- A leaf that is exactly in the center of the podocarpus bonsai is usually the one that becomes its truck in the future.
- Simply let this leaf grow in size without tying any strings or bending it in any way.
- Keep on trimming all the branches that are offside and can imbalance the leader.
- Stake this leader leaf as this will allow it to go straightway up.
- Perform this practice until this leader leaf reaches an appropriate height which is now able to grow straight on its own.
Is podocarpus bonsai fast-growing?
This thing depends too much on external factors such as the temperature, light conditions, fertilizers, and the variety of podocarpus bonsai as well.
If a podocarpus bonsai tree is placed indoors with a bit cooler temperature and has low light availability, it will grow in an extremely slow manner and may take double its normal growth time.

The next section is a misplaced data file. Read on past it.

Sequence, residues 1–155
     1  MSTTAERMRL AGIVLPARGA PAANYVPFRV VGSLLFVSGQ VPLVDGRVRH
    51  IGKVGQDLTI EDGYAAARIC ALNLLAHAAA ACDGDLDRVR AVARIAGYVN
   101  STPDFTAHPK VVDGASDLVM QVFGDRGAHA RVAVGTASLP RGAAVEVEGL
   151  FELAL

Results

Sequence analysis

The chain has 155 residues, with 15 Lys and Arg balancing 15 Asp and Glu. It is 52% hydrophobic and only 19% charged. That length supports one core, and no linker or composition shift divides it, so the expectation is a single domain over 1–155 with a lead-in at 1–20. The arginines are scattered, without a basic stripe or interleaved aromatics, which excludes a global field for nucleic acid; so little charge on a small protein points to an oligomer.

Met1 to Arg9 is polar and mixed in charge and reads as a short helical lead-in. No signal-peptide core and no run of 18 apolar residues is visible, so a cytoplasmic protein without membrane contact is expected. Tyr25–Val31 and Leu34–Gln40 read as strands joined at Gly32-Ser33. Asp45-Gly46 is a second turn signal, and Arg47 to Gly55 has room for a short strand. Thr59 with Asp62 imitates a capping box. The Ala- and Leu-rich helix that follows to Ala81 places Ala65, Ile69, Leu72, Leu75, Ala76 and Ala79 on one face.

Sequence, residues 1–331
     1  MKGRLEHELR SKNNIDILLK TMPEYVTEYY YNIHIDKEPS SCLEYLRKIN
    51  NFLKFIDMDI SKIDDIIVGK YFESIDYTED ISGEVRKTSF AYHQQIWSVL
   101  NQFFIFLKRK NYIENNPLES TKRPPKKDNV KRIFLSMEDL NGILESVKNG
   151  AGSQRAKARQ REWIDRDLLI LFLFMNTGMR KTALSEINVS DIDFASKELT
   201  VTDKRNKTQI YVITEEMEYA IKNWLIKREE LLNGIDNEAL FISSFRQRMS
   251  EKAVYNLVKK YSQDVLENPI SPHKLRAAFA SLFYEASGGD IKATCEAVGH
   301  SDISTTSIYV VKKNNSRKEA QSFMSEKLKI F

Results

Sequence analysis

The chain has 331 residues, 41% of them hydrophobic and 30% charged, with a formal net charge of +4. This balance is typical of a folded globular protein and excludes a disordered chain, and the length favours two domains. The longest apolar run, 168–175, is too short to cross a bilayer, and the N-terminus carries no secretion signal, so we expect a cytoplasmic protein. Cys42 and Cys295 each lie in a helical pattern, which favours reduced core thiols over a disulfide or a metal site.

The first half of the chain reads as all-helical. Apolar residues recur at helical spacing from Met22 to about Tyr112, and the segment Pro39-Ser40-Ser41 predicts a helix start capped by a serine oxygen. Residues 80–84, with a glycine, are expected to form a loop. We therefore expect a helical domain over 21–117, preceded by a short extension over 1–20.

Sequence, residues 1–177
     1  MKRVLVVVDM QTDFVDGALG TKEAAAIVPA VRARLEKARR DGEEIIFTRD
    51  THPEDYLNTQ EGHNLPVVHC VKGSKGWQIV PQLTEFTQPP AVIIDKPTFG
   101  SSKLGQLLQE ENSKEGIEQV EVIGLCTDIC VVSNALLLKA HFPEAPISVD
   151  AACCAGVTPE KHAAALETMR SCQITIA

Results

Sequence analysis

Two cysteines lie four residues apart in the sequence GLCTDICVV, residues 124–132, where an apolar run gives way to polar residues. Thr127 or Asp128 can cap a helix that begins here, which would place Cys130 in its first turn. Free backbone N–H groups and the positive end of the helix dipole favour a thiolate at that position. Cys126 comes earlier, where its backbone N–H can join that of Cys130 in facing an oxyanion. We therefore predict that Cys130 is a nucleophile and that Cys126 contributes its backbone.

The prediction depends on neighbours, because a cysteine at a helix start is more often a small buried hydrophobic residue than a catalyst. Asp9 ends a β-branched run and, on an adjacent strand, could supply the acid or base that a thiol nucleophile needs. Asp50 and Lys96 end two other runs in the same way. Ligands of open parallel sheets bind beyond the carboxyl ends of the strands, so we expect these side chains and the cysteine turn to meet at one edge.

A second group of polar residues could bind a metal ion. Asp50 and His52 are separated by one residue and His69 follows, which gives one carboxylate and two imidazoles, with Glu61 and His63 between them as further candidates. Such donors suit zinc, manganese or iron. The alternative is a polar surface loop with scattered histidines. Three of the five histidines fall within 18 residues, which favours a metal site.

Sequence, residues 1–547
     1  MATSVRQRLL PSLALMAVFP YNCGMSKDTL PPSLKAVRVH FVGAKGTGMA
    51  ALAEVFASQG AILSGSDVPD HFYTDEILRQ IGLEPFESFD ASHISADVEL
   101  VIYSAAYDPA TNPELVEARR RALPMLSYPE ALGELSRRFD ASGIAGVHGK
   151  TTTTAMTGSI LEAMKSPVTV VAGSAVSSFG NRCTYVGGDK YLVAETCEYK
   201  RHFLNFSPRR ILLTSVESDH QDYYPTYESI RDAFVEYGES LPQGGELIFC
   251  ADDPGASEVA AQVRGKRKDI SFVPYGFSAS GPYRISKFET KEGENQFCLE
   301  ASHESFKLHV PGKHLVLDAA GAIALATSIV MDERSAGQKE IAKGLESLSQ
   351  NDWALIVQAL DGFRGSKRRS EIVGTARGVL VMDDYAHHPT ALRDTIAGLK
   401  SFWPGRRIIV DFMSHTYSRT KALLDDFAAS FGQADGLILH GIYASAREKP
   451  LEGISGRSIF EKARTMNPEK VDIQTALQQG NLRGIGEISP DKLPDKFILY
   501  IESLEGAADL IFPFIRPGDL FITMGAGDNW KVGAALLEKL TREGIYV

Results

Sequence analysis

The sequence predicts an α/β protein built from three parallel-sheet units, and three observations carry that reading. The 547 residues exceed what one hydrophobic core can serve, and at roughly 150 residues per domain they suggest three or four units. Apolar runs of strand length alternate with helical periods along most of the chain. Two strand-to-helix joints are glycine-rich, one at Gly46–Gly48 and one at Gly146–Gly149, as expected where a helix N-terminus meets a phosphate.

On the other hand, if your bonsai has good direct sunlight and lives in a bit warmer climate, it will grow much faster and stronger as well.
Do keep this fact in mind that in a general point of view, the podocarpus bonsai tree is considered slow-growing as it takes more time than other common bonsai trees such as mushroom bonsai, etc.
Are Podocarpus bonsai poisonous to pets?
Do keep this fact in mind that most of the bonsai trees are toxic if not poisonous to both pets and humans. The leaves of the podocarpus bonsai tree contain some unknown types of toxins that can cause some immediate reactions to pets if ingested.
Some of the major outcomes could be severe vomiting and diarrhea. While leaves contain unknown toxins, other parts such as their stems, follower, bark, and even pollen are poisonous and should be kept far away from the reach of your precious pets.
Some experts claim that the area of seed or where the flower is attached can be eaten as they are safe but as a precaution, you should avoid these edibles as well.